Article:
Coleman, Professor Arthur P.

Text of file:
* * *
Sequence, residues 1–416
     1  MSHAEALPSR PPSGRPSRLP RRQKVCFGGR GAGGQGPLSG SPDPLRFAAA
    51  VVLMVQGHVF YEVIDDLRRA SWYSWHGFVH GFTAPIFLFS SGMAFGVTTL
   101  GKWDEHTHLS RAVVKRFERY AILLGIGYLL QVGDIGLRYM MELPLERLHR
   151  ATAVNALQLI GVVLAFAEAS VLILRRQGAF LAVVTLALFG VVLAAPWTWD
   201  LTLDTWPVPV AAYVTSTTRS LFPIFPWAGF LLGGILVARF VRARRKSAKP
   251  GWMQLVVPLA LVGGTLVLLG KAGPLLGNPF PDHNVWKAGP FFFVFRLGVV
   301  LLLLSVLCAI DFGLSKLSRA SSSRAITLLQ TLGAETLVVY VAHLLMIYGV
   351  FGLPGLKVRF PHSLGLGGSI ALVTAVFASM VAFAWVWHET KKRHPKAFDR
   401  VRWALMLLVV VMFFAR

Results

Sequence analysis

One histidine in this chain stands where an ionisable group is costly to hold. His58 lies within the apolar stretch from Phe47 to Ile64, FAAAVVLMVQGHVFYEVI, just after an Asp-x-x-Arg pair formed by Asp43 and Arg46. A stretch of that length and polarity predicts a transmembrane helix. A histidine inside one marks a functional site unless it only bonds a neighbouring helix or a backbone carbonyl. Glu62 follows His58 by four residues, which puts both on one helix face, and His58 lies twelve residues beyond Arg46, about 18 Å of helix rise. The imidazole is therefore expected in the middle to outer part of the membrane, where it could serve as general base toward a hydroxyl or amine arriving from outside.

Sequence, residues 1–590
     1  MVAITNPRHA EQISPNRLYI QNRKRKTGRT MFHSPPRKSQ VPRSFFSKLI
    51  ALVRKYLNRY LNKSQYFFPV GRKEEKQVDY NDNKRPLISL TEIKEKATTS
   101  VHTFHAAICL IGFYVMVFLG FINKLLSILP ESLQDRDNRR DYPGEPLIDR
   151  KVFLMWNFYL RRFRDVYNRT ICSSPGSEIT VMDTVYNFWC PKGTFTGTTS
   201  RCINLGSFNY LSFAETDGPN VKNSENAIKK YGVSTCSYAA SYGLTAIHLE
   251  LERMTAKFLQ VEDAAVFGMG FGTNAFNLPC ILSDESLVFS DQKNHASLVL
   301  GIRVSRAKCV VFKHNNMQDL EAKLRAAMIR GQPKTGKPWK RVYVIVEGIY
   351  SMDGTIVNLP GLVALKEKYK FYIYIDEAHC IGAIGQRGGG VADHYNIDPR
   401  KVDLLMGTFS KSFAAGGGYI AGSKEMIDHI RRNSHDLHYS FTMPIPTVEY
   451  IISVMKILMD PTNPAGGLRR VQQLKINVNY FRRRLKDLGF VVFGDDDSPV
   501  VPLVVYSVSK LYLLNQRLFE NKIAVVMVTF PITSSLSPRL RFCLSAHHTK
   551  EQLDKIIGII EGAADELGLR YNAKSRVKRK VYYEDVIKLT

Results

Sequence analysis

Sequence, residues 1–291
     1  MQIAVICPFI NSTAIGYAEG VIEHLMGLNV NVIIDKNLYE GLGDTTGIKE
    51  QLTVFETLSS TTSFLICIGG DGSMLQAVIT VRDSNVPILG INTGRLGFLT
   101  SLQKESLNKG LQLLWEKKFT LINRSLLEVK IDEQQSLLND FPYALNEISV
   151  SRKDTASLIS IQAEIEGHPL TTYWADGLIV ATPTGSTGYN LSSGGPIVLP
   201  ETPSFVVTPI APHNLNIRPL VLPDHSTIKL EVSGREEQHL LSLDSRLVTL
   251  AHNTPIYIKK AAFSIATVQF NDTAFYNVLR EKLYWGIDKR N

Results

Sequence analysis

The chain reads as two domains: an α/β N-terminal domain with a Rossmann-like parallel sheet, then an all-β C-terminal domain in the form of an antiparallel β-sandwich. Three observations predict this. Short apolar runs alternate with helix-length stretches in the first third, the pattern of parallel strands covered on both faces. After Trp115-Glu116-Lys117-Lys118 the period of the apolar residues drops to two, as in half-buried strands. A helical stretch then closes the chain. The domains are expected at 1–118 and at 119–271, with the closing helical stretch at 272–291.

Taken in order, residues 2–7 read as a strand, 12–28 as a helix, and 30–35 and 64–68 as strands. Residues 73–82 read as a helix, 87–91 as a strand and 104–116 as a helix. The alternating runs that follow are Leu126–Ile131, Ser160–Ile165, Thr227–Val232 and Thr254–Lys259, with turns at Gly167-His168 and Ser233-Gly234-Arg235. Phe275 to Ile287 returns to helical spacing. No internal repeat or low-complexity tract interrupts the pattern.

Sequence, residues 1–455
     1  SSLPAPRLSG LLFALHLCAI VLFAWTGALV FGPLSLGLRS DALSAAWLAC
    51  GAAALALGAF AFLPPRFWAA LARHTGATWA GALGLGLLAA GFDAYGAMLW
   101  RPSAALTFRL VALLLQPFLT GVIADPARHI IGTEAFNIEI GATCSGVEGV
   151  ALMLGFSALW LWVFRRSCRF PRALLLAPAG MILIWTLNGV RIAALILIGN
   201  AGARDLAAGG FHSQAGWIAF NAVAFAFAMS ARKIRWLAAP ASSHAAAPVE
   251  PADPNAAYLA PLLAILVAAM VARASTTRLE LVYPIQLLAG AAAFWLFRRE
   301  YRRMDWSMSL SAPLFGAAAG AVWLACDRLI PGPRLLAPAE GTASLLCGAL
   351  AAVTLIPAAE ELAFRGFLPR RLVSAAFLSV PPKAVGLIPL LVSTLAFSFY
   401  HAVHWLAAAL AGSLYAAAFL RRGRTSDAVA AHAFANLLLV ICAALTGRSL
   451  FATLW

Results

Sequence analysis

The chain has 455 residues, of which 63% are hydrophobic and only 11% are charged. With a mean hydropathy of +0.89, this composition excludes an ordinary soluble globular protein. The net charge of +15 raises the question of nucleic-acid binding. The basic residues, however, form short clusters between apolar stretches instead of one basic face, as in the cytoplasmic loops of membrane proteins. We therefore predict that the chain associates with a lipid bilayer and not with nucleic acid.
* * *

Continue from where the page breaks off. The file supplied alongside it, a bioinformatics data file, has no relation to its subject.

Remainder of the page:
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Ontario as a mining country for a very long time, since 1815 when a little iron mine was worked on the north shore of Lake Erie. Copper mining next, about half way through the century, begun by two English companies on the north shore of Lake Huron at Bruce Mines. Then came gold, first struck in 1856 in the township of Madoc and one or two adjoining townships. Silver discovered in a most extraordinary deposit on a little island out in Lake Superior 3/4 of a mile from shore near Port Arthur. The discovery of nickel in the Sudbury region, laying the foundation for the most stable mineral industry in the great Dominion of Canada, an industry that has been prospering since 1886. Some details of nickel production. The discovery of silver in the Cobalt region in 1904. Gold from Porcupine. The several thousand claims in the Porcupine region, with probably six real mines. The amount of capital that will need to be invested to actually produce the gold from Porcupine. A word about statistics; then some statistics and dollar figures. The mineral output in Ontario doubled between 1891 and 1901. Another doubling in the next five years. The outlook for another doubling when the 1911 statistics come out. The bright future of the mining industry in Ontario. Speculation as concerns gold production from Porcupine and what this will do to the mining statistics. What this all means for the Province of Ontario. The people who work the mines. Life in a mining town. Seeing to it that things are so managed that our immigrants shall all be good Canadians, so that we can help one another, and can work together for the future of our country. The men that do the rough work; the men who get the pay. The houses in Rosedale that have been paid for with silver from Cobalt. The issue of class distinctions. The enormous spread of Toronto, the surprising and rapid growth of Toronto, very largely due to the filling up of the north with these mining men. Something in the nature of a prophecy.